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Restoration of External Rotation Following Reverse Shoulder Arthroplasty without Latissimus Dorsi Transfer

Berglund, Derek, D., MD1,a; Rosas, Samuel, MD1,2,b; Triplet, Jacob, J., DO3,c; Kurowicki, Jennifer, MD1,4,d; Horn, Brandon, DO1,5,e; Levy, Jonathan, C., MD1,f

doi: 10.2106/JBJS.OA.17.00054
Scientific Articles: PDF Only

Background: Latissimus dorsi transfers have been considered necessary to restore active external rotation following reverse shoulder arthroplasty (RSA). The purpose of this study was to assess the effectiveness of an RSA system that lateralizes the center of rotation in restoring active external rotation without a latissimus dorsi transfer in patients with a preoperative external rotation deficit (external rotation of <0°).

Methods: We retrospectively reviewed the records of patients who had undergone RSA with a lateralized center of rotation without a latissimus dorsi transfer. All patients had had a preoperative external rotation deficit (active external rotation of <0°), and all were followed for a minimum of 2 years. Patients were stratified into 2 groups on the basis of the preoperative diagnosis: (1) those with a combined loss of active elevation and external rotation as a result of rotator cuff tear arthropathy (CLEER group) and (2) those with a combined loss of active elevation and external rotation as a result of other posttraumatic etiologies (non-CLEER group). The mean improvement of external rotation was analyzed. Subgroup analysis was performed on the basis of the Goutallier classification, glenosphere lateralization, and total prosthetic lateralization.

Results: Thirty-three patients (24 in the CLEER group and 9 in the non-CLEER group) met the inclusion criteria. The average follow-up was 43.4 months (range, 24 to 77 months). External rotation improved significantly in both the CLEER group (from −21° preoperatively to 28° postoperatively; p < 0.001) and the non-CLEER group (from −19° preoperatively to 26° postoperatively; p = 0.001). Goutallier classification, glenosphere lateralization, and total prosthetic lateralization were not correlated with the degree of improvement of external rotation in either group (p > 0.05 for all).

Conclusions: RSA with a lateralized center of rotation can effectively restore external rotation without the use of a latissimus dorsi transfer in patients with a preoperative external rotation deficit as a result of rotator cuff arthropathy or other posttraumatic etiologies.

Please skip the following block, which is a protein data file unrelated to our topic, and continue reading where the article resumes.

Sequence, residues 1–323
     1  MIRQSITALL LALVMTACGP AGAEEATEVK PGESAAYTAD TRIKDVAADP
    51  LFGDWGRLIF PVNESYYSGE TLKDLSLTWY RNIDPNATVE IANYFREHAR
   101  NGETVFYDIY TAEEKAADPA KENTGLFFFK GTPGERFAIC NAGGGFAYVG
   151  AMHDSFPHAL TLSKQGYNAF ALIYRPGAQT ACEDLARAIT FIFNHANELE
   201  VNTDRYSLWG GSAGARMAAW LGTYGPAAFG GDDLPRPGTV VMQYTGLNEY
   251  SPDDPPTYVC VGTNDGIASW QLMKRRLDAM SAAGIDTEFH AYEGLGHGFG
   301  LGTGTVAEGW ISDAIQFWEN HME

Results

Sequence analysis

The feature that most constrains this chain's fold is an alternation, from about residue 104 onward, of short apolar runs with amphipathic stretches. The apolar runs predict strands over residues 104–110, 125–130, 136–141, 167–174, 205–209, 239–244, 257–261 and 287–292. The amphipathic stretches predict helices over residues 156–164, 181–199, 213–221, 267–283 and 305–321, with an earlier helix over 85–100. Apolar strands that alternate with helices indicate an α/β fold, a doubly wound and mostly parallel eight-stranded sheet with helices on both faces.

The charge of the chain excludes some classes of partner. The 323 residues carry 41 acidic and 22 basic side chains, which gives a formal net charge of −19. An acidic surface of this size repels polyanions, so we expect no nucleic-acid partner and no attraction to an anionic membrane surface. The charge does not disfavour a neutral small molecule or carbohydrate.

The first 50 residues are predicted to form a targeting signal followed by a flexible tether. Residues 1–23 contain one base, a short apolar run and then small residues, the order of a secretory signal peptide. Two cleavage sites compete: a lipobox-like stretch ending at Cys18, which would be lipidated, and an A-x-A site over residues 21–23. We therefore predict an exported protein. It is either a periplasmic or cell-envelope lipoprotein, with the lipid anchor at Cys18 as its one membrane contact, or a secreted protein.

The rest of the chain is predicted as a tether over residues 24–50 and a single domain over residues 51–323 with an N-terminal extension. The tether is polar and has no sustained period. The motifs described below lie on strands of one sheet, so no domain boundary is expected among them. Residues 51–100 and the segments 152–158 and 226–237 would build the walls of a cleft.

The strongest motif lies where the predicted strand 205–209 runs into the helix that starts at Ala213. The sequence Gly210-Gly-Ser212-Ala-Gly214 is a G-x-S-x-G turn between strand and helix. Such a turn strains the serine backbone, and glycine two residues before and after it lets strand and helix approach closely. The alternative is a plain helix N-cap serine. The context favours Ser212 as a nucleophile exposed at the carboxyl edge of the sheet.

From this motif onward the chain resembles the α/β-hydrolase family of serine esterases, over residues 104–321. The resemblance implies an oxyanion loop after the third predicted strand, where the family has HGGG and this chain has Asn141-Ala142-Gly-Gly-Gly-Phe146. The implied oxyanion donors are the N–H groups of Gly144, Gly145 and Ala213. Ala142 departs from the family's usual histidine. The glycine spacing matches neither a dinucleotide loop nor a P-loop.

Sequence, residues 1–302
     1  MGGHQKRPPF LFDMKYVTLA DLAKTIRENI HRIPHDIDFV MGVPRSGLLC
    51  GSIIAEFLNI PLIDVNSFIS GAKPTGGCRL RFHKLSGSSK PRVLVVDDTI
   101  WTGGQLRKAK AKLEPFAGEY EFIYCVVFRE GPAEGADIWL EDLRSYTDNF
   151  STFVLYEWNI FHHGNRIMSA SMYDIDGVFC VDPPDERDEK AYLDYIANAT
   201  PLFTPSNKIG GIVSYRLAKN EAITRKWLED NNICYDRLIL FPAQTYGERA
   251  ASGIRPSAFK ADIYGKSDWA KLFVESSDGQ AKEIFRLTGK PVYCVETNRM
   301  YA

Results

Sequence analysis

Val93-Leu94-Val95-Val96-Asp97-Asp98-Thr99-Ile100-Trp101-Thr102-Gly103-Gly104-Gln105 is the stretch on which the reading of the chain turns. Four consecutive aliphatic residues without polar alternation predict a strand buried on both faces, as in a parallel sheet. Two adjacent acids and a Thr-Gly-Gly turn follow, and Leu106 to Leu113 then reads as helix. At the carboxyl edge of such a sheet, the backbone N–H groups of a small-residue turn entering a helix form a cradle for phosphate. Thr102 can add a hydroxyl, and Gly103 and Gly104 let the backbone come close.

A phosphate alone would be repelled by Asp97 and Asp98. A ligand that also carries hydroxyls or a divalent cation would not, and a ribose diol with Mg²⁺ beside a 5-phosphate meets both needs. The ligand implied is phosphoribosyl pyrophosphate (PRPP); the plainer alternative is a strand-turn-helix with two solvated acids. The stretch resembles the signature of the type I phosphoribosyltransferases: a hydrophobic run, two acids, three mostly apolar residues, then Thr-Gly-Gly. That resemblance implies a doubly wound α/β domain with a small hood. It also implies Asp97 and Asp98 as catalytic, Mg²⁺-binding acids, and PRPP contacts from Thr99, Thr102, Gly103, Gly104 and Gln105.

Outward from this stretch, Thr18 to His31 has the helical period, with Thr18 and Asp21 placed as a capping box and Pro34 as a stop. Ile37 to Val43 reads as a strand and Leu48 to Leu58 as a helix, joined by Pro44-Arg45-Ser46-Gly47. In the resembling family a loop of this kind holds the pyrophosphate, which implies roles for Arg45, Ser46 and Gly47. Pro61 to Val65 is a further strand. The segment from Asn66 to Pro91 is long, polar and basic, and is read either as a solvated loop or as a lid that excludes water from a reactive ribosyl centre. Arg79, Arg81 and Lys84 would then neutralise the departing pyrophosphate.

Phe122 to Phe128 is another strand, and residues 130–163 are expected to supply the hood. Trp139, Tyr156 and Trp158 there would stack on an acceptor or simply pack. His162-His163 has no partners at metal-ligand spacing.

Level of Evidence: Therapeutic Level IV. See Instructions for Authors for a complete description of levels of evidence.

This is an open-access article distributed under the terms of the Creative Commons Attribution-Non Commercial-No Derivatives License 4.0 (CCBY-NC-ND), where it is permissible to download and share the work provided it is properly cited. The work cannot be changed in any way or used commercially without permission from the journal.

1Holy Cross Orthopedic Institute, Fort Lauderdale, Florida

2Wake Forest Baptist Health, Winston-Salem, North Carolina

3Doctors Hospital, OhioHealth, Columbus, Ohio

4Department of Orthopaedics, School of Health and Medical Sciences, Seton Hall University, South Orange, New Jersey

5Witham Orthopaedic Associates, Lebanon, Indiana

E-mail address for D.D. Berglund: berglund.derek@gmail.com

E-mail address for S. Rosas: sam.rosas@icloud.com

E-mail address for J.J. Triplet: jacob.john.triplet@gmail.com

E-mail address for J. Kurowicki: jkurowicki@gmail.com

E-mail address for B. Horn: brandonjhorn@gmail.com

E-mail address for J.C. Levy: jonlevy123@yahoo.com

Disclosure: There was no external funding for this study. On the Disclosure of Potential Conflicts of Interest forms, which are provided with the online version of the article, one or more of the authors checked “yes” to indicate that the author had a relevant financial relationship in the biomedical arena outside the submitted work (http://links.lww.com/JBJSOA/A40).

Investigation performed at the Holy Cross Orthopedic Institute and Holy Cross Hospital, Fort Lauderdale, Florida

© 2018 The Authors. Published by Wolters Kluwer Health, Inc. on behalf of The Journal of Bone and Joint Surgery, Incorporated.